Speech by Ms. Anna Kinberg Batra, leader of the Moderate Party at the EPP congress in Valetta, Malta 29 March 2017.
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As we celebrate the Rome treaty’s 60 years and as United Kingdom has this very day initiated the process to leave the European Union, it is no exaggeration to say that we are at a crossroads.
We have on the table a paper that outlines a few alternatives for where the EU can go from here.
I will not dwell on the many challenges, because I think that we in the EPP family have a reasonable good common understanding of those.
Instead, I would like to use this moment to lay out how I see our priorities for our future Europe.
The most important is a Europe that holds together, and sticks to its founding principles. Our liberal democracy. The rule of law. Our open economies. These have over the decades been the pillars of prosperity, dignity, wealth and security upon which the European project has been built.
Allow me to use a metaphor.
What we have built is a common European house, and an impressive house.
There is an amount of order in it, and life is comfortable and rich for many of its inhabitants.
However, quite recently, we have figured out that the foundation of the house was not as solidly constructed as we thought.
Also, at 60 years, the electric wiring and the once so modern pipes need an upgrade to be up to today’s standards.
Moreover, not everyone gets food at dinnertime, which has caused some serious discontent among some residents.
We have also discovered that after we removed the doors inside the house, we forgot to put up a proper gate at the entrance.
All this comes at a time when one of the inhabitants in our house is moving out, and will therefore not contribute to the rent the way we are used to.
Finally, we have some serious troublemakers in our neighbourhood.
So what we need to do is not to build additional floors, or buy a new sofa.
What we need to do is to make sure that our European house, as it is, stands solid, and that there is food on the table.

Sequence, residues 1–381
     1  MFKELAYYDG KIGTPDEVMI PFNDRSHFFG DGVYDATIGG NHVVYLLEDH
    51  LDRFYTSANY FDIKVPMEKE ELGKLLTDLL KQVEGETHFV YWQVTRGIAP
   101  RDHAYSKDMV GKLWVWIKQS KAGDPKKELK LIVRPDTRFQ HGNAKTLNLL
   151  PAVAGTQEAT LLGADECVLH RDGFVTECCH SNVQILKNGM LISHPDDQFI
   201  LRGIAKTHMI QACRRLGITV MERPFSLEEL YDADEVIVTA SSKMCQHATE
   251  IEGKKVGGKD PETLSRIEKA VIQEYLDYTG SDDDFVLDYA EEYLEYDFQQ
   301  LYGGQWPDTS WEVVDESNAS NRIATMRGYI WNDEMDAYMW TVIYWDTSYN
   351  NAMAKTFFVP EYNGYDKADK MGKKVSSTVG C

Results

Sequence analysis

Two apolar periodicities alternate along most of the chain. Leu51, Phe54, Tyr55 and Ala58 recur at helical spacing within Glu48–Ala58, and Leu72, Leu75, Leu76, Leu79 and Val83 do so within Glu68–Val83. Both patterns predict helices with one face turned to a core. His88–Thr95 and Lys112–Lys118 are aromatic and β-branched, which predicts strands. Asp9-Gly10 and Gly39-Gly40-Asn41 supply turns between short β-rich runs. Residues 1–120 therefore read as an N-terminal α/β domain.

This means now to concentrate on three things.
First, food on the table. We need to regain the trust on our ability to deliver jobs and hope for a better future to ordinary citizens. For this, there is no way around fixing the fundamentals of our economies. Only then we stay competitive on an increasingly demanding global market. Let me remind you that European growth remains sluggish in a global comparison.
Let me remind you that to a great extent the rise of populism is rooted in the failure of our national governments to ensure social cohesion in our own societies.
We need to fulfil the vision of the single market. We have done a tremendous lot, but core tasks remain: A digital single market. A fulfilment of the energy union. A better functioning internal market for services.
And we need to continue to fight for free trade around the globe.
Secondly, security. We have to secure our external common border, so we can trust that the migration flows are controlled in the coming decades, as we know that the migration pressure will be enormous for decades to come. And no country can choose not to take part in this common responsibility. This is a joint challenge.
We need to better our common work in the field of anti-corruption, anti-terrorism, and in defence and security.
We must implement the EU global security strategy, with the aim to export stability to our neighbourhood rather to import its instabilities.
Thirdly, Brexit. We need to settle our future relationship with the United Kingdom with as little damage done as possible – to the union, to the UK, and to our citizens, economies and security policy interests.
But we also have to deal with the budgetary consequences of Brexit. We have to trim our expenditures, and handle Brexit’s economic consequences within the current budget frame. And it must have budgetary consequences for those who do not do their share to manage our common commitments and challenges.
This is what we should focus on the coming years. We can do this. We have a beautiful house – a bit worn by time – but the best house this world has seen. It has been a lighthouse for people across the globe for decades, and we have good reasons to be proud of that.
For this, we have all the institutions and tools we need. The only thing we need to add is political will, courage and hard work – our work.
Then we can talk about whether to renegotiate the building standards, to build a new veranda or rearrange the chairs.
Then we can discuss about what to do next. I hope we will get there soon.